"Turkey drives" were an autumnal tradition from the 1800s to the early 1900s, and involved the overland strolling of flocks of turkeys from all corners of Vermont to their destination — and demise — in Boston.
Disney has purchased LucasFilm, including the Star Wars movies, for a shade over four billion dollars in cash and stock. Also in the Sydney Morning Herald.
Badly Recreated Animated Film Frames: "Take a still from a multi-million dollar animated film that required thousands of man-hours to create and replicate it in Maya in 30 minutes."
It's that time again. Time for the Juggalos to gather, this year in Cave In Rock, Illinois. The theme? Zombies, of course. And our very own dabitch has the 23-minute infomercial. (Previously and previously and previously.)
When New York State sentenced convicted murderer William Kemmler to death, he was slated to become the first man to be executed in an electric chair. Killing criminals with electricity “is a good idea,” Edison said at the time. “It will be so quick that the criminal can’t suffer much.” He even introduced a new word to the American public, which was becoming more and more concerned by the dangers of electricity. The convicted criminals would be “Westinghoused.”
Friday Flash Fun: Worm Food places you in control of a giant human-devouring worm of legend. Devour villagers, defile monuments and destroy settlements. [more inside]
An erupting stratovolcano poses numerous hazards for nearby habitation, but none nearly so terrifying and deadly as the pyroclastic flow. Pyroclastic flows, comprised of tons of superheated sulfuric gases, particulate rock materials and ash, can reach temperatures of 1,830 °F and travel at alarming speeds up to 450mph. Convection of materials within the clouds causes them to become a suspension, fluidizing and thundering noxiously across the surrounding landscape for miles, in some cases even uphill or across open water. Wherever these clouds come in contact with humans the result is catastrophe, as the residents of Herculaneum and St. Pierre, Martinique learned within minutes of the eruptions of Vesuvius in 79AD and Pelee in 1902-- both towns were overwhelmed by pyroclastic clouds, igniting all flammable materials and incinerating and suffocating the inhabitants. None survived Herculaneum, while just two of St. Pierre's 26,000 survived, one of whom was a prisoner condemned to death and awaiting his execution in a dungeon cell. Despite their incredible capacity for violence, pyroclastic flows are also capable of producing mesmerizing, awe-inspiring beauty.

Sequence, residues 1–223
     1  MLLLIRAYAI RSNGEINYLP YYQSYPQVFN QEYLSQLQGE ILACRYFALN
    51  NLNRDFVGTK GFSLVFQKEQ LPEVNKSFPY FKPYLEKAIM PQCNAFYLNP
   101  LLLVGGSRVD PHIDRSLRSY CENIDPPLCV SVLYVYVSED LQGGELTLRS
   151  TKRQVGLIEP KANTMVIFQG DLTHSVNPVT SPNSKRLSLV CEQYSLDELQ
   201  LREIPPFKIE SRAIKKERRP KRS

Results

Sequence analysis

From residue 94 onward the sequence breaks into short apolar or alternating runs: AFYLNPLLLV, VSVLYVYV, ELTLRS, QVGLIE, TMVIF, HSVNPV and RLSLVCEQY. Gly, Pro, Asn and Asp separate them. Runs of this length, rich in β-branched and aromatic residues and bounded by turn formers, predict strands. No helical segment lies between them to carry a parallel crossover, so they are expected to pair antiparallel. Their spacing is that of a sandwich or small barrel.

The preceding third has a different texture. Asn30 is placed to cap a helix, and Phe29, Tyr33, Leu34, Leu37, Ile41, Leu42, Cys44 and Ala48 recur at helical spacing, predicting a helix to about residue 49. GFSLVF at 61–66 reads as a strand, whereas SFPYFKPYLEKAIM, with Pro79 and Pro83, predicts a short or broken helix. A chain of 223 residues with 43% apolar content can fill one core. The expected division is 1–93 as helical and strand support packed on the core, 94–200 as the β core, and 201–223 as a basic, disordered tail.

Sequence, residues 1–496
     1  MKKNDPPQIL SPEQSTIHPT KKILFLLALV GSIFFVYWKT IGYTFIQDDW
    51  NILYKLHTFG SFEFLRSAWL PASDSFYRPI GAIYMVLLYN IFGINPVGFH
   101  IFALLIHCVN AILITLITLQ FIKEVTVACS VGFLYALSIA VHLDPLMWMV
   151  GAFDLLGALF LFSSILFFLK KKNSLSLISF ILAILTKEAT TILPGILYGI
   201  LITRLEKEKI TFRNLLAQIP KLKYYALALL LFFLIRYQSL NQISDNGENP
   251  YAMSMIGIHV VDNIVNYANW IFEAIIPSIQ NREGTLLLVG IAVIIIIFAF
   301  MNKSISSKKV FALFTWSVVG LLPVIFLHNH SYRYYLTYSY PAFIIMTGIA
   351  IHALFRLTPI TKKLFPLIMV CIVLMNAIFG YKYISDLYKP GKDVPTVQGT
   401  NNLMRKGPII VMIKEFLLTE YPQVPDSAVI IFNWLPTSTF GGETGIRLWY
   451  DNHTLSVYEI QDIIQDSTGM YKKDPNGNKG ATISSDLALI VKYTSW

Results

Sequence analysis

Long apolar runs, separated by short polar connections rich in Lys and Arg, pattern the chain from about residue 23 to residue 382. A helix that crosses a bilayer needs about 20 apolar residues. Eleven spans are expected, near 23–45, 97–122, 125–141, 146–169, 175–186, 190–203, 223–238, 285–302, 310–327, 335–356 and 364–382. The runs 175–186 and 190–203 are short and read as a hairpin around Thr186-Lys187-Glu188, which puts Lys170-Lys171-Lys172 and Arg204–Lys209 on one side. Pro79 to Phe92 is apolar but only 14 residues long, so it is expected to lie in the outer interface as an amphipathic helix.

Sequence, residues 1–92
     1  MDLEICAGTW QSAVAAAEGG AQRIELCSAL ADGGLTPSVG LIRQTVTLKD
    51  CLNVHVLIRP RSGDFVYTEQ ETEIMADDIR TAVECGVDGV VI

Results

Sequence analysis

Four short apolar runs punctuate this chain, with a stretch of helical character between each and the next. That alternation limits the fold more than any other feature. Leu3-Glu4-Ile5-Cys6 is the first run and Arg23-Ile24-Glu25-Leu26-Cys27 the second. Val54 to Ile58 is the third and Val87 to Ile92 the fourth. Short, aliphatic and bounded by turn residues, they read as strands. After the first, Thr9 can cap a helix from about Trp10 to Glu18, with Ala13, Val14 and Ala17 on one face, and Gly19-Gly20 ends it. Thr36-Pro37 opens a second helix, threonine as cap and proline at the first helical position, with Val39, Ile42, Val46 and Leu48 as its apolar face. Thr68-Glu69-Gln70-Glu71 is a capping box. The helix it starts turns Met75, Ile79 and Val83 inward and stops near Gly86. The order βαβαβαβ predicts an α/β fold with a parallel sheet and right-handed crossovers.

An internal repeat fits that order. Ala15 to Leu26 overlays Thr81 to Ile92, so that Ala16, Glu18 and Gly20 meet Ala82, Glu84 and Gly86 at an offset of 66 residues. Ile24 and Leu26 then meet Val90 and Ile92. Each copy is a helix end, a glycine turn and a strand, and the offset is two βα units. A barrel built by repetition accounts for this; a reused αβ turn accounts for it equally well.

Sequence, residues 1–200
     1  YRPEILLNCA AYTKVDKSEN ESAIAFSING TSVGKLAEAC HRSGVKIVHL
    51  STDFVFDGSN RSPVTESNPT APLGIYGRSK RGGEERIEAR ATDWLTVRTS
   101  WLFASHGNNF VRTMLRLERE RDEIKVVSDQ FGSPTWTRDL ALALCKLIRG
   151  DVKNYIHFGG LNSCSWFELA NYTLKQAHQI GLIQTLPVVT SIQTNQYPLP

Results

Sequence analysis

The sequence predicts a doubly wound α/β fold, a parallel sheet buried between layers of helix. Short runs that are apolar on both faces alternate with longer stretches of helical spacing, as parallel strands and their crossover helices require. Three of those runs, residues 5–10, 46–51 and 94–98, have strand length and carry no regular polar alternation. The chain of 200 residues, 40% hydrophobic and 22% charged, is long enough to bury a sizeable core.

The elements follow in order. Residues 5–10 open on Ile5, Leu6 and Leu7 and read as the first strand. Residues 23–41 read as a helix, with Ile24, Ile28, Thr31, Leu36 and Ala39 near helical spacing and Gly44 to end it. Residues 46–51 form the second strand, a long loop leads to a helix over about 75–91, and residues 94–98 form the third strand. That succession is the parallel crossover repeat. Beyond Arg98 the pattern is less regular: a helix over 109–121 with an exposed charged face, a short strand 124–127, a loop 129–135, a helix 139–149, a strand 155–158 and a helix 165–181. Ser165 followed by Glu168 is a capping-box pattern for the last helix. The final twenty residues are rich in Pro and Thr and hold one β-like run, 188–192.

Today's post of tenuously related audio brings you ten historic radio broadcasts, 529 eternal questions in popular music, and one mildly amusing black metal band prank call.